Regardless of which eye watering amount of money is the appropriate amount, we need to look at how this ant spreads. Winged ants can fly about 5km, but that only happens at certain times of the year when nests release mating swarms. The ants can be spread much further with the movement of materials such as soil, hay, mulch, manure, quarry products, turf and potted plants. Some areas of south-east Queensland have been declared biosecurity zones with regulations governing movement of material such as soil and potted plants within and out of the declared areas. 

PSHB Beetles have a fast life cycle (Image: DPIRD)
PSHB Beetles have a fast life cycle (Image: DPIRD)

Polyphagous shot-hole borer (Euwallacea fornicatus) is a beetle native to South-East Asia that has spread to several other countries including South Africa, Israel, USA (California) and recently, Australia. Currently the borer is only found in parts of Perth in Western Australia where it was first detected in August 2021. Host plants include box elder maple (Acer negundo), maple (Acer), oak (Quercus), plane (Platanus), coral (Erythrina), avocado (Persea), locust (Robinia), fig (Ficus) and poplars (Populus). This pest was extensively covered in Nursery Papers of October 2022.

Polyphagous shot-hole borer has a symbiotic relationship with a Fusarium fungus species which the beetles cultivate inside trees. Infection with Fusarium can result in dieback and possible plant death, depending on the plant species. The fungus is the problem, the beetles on their own would have little effect on a large tree.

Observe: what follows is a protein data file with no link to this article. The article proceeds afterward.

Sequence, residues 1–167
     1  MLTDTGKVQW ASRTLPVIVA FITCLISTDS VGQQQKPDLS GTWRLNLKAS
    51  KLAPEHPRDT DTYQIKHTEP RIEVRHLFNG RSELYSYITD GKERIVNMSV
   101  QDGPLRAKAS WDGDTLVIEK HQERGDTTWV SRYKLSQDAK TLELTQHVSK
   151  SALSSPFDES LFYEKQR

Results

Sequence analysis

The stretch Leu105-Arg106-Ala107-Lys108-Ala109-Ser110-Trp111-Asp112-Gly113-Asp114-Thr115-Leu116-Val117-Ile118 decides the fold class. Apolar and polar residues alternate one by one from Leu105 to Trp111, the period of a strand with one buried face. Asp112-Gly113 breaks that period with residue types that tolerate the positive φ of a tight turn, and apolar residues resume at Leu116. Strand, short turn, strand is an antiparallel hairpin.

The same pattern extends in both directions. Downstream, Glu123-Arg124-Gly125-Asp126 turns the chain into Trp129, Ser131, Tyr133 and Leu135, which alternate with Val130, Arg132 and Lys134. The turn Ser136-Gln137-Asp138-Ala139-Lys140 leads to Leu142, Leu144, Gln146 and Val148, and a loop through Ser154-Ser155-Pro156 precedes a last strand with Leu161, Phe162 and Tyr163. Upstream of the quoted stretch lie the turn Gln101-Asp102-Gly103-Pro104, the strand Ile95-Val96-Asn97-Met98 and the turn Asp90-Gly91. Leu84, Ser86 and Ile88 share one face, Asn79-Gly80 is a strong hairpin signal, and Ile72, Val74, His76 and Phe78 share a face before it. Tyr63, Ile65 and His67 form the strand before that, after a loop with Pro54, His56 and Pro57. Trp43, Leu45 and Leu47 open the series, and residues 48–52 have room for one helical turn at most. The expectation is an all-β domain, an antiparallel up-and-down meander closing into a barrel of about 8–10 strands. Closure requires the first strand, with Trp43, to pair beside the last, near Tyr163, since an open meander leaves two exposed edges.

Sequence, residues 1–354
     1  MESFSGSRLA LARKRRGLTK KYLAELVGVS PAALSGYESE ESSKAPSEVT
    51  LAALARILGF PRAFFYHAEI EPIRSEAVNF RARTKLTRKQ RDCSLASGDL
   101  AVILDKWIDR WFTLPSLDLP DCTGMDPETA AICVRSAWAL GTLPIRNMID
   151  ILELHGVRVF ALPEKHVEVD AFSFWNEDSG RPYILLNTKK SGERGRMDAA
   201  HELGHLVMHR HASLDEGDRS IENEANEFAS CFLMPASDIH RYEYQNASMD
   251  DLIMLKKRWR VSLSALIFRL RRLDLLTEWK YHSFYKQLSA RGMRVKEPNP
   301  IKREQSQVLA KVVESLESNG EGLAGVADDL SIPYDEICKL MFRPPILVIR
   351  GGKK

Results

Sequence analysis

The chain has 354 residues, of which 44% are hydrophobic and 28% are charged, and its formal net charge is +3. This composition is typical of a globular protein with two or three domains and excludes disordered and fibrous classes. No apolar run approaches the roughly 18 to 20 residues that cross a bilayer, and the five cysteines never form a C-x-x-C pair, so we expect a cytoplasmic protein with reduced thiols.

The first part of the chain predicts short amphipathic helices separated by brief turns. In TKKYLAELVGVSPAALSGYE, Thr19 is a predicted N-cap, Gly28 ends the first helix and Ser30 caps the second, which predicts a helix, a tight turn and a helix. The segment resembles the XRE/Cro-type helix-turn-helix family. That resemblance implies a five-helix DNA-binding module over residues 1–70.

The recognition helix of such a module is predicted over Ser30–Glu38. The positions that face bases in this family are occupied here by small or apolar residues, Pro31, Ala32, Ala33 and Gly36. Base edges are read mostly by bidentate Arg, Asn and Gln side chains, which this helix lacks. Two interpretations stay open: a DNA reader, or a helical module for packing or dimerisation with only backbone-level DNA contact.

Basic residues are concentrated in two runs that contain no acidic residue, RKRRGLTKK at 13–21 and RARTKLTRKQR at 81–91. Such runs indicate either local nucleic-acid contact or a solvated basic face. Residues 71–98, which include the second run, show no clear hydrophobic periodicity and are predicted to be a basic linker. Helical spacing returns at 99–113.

Adult female borer beetles usually only fly short distances (less than 50m) but the beetles may move long distances with the movement of firewood, mulch and plants. To prevent this, authorities in Western Australia have declared a 600 km2 quarantine area in parts of Perth. The Department of Primary Industries and Regional Development (DPIRD) have installed monitoring traps throughout the area. DPIRD are also inspecting trees with suspected borer infestations and giving notice if a tree needs to be removed. There are no effective chemical treatments. If everyone adheres to the rules of the quarantine area, the authorities have a good chance of eradicating this pest.

Tomato potato psyllid (Bactericera cockerelli) is an invasive sap-sucking insect native to North and Central America. It has spread to other parts of the world including New Zealand and Norfolk Island. In 2017 it was detected in parts of southwestern Western Australia, but not in the eastern states. It feeds on tomato, potato, capsicum, chilli, goji berry, tamarillo, eggplant and sweet potato.

It is hoped Cryptolaemus ladybird will control papaya mealybug (Image: Denis Crawford)
It is hoped Cryptolaemus ladybird will control papaya mealybug (Image: Denis Crawford)